In sum, we uphold the district courts' decisions to enforce the forum-selection clause. The district courts' remand orders are therefore AFFIRMED.
1. The Sheriff made the contract for the benefit of himself, the employees in his office, and Polk County. For simplicity of discussion, we treat all of these beneficiaries as the Sheriff.
2. Although the record does not disclose that FACT demanded that PHS hold the Sheriff harmless, we assume that FACT did so. Whether FACT made such demand, however, is not material to our disposition of these appeals.
3. FACT brought suit as the Sheriff's subrogee.
4. The provision further stated that “all of the rights and obligations of the PARTIES hereto shall be governed both procedurally and substantively by and construed according to the Laws of the State of Florida.”
5. “The courts of appeals ․ shall have jurisdiction of appeals from all final decisions of the district courts of the United States․” 28 U.S.C. § 1291 (1994).
6. See also In re Bethesda Mem'l Hosp., Inc., 123 F.3d 1407, 1408 (11th Cir.1997) (citing Quackenbush for the proposition that direct appeal is the proper vehicle for obtaining appellate review of a remand order); Ariail Drug Co., Inc. v. Recomm Int'l Display, Inc., 122 F.3d 930, 933 (11th Cir.1997) (determining that the proper avenue for appeal of a remand order is § 1291). Although New v. Sports & Recreation, Inc., 114 F.3d 1092, 1094 n. 3 (11th Cir.1997), decided after Quackenbush, states that the proper means for challenging a remand order is a petition for writ of mandamus, that opinion is in conflict with Quackenbush (and makes no attempt to distinguish it); hence, we ignore it.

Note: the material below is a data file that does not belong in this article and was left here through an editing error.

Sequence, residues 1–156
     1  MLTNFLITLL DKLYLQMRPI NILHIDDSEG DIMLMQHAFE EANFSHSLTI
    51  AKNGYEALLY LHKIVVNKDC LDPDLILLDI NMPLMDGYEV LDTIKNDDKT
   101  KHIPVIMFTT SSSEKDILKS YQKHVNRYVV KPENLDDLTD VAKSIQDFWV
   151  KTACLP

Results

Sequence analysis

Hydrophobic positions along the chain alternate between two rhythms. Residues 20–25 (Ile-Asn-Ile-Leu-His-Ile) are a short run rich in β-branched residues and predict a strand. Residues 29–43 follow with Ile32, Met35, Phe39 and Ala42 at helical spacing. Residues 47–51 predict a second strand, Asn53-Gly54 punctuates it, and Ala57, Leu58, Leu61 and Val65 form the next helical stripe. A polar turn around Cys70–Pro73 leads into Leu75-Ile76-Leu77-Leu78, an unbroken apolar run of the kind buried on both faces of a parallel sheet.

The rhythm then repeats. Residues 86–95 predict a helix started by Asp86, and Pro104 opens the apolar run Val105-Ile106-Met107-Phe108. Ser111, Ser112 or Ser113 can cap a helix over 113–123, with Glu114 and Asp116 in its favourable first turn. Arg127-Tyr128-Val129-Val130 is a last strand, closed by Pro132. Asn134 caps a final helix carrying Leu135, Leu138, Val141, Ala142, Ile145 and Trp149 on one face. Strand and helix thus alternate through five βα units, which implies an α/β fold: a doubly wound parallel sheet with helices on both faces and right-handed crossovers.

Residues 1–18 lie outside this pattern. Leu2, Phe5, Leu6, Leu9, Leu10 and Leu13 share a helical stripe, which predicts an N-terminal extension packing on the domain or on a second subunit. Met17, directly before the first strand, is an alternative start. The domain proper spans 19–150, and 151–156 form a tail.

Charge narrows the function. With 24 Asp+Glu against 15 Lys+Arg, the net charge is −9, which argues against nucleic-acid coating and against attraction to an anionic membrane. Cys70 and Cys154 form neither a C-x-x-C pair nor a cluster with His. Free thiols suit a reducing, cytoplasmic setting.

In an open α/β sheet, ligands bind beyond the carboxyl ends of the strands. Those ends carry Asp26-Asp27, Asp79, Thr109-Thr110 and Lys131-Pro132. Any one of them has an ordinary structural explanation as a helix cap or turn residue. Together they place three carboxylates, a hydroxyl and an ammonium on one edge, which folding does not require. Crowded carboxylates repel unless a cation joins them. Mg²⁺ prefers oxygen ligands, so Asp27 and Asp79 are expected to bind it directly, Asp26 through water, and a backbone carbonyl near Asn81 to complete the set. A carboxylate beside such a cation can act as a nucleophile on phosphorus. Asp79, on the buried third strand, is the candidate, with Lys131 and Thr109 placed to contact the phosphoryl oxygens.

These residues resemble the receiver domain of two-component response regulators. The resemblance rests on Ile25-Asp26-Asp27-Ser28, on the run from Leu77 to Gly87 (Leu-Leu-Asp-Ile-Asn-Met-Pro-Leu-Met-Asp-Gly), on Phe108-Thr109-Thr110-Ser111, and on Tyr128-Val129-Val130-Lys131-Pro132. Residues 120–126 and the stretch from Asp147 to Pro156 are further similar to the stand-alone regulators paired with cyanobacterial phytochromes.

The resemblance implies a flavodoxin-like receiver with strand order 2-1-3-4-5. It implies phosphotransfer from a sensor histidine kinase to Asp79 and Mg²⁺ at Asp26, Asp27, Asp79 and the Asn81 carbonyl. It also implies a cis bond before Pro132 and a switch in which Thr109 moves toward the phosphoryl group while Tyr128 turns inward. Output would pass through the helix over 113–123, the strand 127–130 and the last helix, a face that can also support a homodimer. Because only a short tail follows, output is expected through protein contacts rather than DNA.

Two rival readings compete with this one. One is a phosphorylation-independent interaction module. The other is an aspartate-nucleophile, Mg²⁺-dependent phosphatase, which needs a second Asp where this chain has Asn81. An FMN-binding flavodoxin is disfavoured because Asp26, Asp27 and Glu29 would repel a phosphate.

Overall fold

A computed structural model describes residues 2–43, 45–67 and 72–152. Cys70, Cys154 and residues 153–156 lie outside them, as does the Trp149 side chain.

7. Section 1447(c) reads, in relevant part:A motion to remand the case on the basis of any defect in removal procedure must be made within 30 days after the filing of the notice of removal under section 1446(a). If at any time before final judgment it appears that the district court lacks subject matter jurisdiction, the case shall be remanded.28 U.S.C. § 1447(c) (1994).
8. The Supreme Court recognized the validity of forum-selection clauses in M/S Bremen v. Zapata Off-Shore Co., 407 U.S. 1, 15, 92 S.Ct. 1907, 1916, 32 L.Ed.2d 513 (1972). Since that time, we have analyzed these clauses under a “mandatory/permissive” test, enforcing only those clauses that unambiguously designate the forum in which the parties must enforce their rights under the contract. See, e.g., Citro Fla., Inc. v. Citrovale, S.A., 760 F.2d 1231, 1231-32 (11th Cir.1985).
9. In Bonner v. City of Prichard, 661 F.2d 1206, 1209 (11th Cir.1981) (en banc), this court adopted as binding precedent all decisions of the Former Fifth Circuit handed down prior to October 1, 1981.
TJOFLAT, Circuit Judge: